Hello! So you've been thinking about buying a DSLR? Or you might already have one -- perfect! I want to share some wisdom that I've learned about DSLR cameras over the past five months. But first, I want to start by saying that I wish I had never been so wrapped up in the idea that you need a nice camera to be a photographer. The quality of camera does not determine your talent -- it's all about your eye and how you interpret the world. Which is why I don't want to tell you to go out and buy a DSLR camera right now. BUT let's just say it was one of the best investments I ever made.
Do Your Research
Most people think there are two options when it comes to DSLR camera brands - Canon and Nikon. When really there are countless options. It just so happens that those two seem to be the most popular. I chose to go with Canon because that was what my boss had been using and she said it was the best starter camera.
Invest in Different Lenses
When I bought my Canon Rebel t6i I was a little shellshocked at how much the actual body cost -- let alone the lenses. But I figured it would be best to invest in a 50mm lens. I really like using the 50mm for when I shoot with bloggers. It's great for detail shots and creating that blurred background effect (bokeh). Each lens is used for a different type of shot so it's important to be aware of what shots you think you'll shoot most.
Take the Time to Learn Manual Settings
I was really looking forward to using the manual settings on my camera when I first started out, only when I went to shoot they turned out terrible. They were either too dark or the subject was out of focus -- this was extremely discouraging. So I started to Google every DLSR YouTube tutorial out there. My advice to you is to start by learning the basics: aperture, ISO, and shutter speed.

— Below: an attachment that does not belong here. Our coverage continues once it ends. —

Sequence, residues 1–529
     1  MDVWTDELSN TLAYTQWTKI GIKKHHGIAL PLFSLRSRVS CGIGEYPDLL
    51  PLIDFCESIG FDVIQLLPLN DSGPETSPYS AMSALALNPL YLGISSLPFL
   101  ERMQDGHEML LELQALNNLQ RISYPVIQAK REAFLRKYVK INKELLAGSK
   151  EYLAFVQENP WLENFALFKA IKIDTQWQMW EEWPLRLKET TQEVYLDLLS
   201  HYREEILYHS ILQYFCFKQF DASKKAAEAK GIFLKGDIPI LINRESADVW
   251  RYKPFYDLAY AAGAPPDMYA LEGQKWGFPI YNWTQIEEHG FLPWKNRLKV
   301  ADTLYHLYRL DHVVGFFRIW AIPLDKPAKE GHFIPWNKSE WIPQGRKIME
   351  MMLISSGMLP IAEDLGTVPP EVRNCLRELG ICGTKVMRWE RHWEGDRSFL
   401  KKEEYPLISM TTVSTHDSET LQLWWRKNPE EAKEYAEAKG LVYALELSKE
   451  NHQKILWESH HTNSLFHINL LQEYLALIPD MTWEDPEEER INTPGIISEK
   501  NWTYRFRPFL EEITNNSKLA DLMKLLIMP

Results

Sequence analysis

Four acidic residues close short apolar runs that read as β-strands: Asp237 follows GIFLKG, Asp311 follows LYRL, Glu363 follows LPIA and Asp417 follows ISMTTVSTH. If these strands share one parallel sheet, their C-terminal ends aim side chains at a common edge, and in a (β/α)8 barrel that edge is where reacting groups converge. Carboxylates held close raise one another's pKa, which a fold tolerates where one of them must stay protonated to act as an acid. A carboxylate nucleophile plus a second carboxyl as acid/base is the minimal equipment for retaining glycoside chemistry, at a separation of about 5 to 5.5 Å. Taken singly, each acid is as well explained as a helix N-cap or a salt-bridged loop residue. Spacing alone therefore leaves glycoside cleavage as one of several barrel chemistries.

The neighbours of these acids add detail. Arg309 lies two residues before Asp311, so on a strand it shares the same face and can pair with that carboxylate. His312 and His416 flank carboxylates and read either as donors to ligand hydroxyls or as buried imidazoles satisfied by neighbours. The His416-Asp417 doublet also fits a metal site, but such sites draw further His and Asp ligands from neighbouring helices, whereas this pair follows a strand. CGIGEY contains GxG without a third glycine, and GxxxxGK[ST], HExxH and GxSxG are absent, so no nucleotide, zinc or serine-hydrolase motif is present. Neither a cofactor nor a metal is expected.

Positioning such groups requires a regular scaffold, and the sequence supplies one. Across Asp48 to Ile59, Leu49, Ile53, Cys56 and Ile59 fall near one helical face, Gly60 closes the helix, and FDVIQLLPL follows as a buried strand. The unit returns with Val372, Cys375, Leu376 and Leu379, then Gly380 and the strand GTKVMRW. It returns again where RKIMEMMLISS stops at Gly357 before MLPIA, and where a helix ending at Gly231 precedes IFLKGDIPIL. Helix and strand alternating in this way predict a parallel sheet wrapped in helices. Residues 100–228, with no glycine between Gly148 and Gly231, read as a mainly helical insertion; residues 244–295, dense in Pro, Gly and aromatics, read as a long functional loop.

Shoot in RAW
If you're a still a little knew to the lingo most photos online are in a JPEG format. When you shoot in JPEG the image gets compressed and a lot of the data is lost. As opposed to when you shoot in RAW, where you have all of the images data and therefore you're able to manipulate the photo easier.
*RAW photos take up a lot of more memory so be sure to keep your files saved on external hard drive so you don't run out of room on your computer.*
Invest in Lightroom
If there's one thing I will stress it's that you should definitely invest in Lightroom. It's probably the best way to edit photos -- it can dramatically change the feel of your photos and make they look 10 times more professional.
Take Your Camera Everywhere
If you've read any article on DLSR cameras the reoccurring advice is to just go out and shoot. And it's true -- you will only get better with practice. The photos in this post are significantly better than the one's I first shot. That's the beauty of it -- there's always room for improvement.
Are you thinking about buying a DSLR camera? Do you have any questions about which camera to buy? I'll try answer any questions!
Feel free to check out some of my photos here!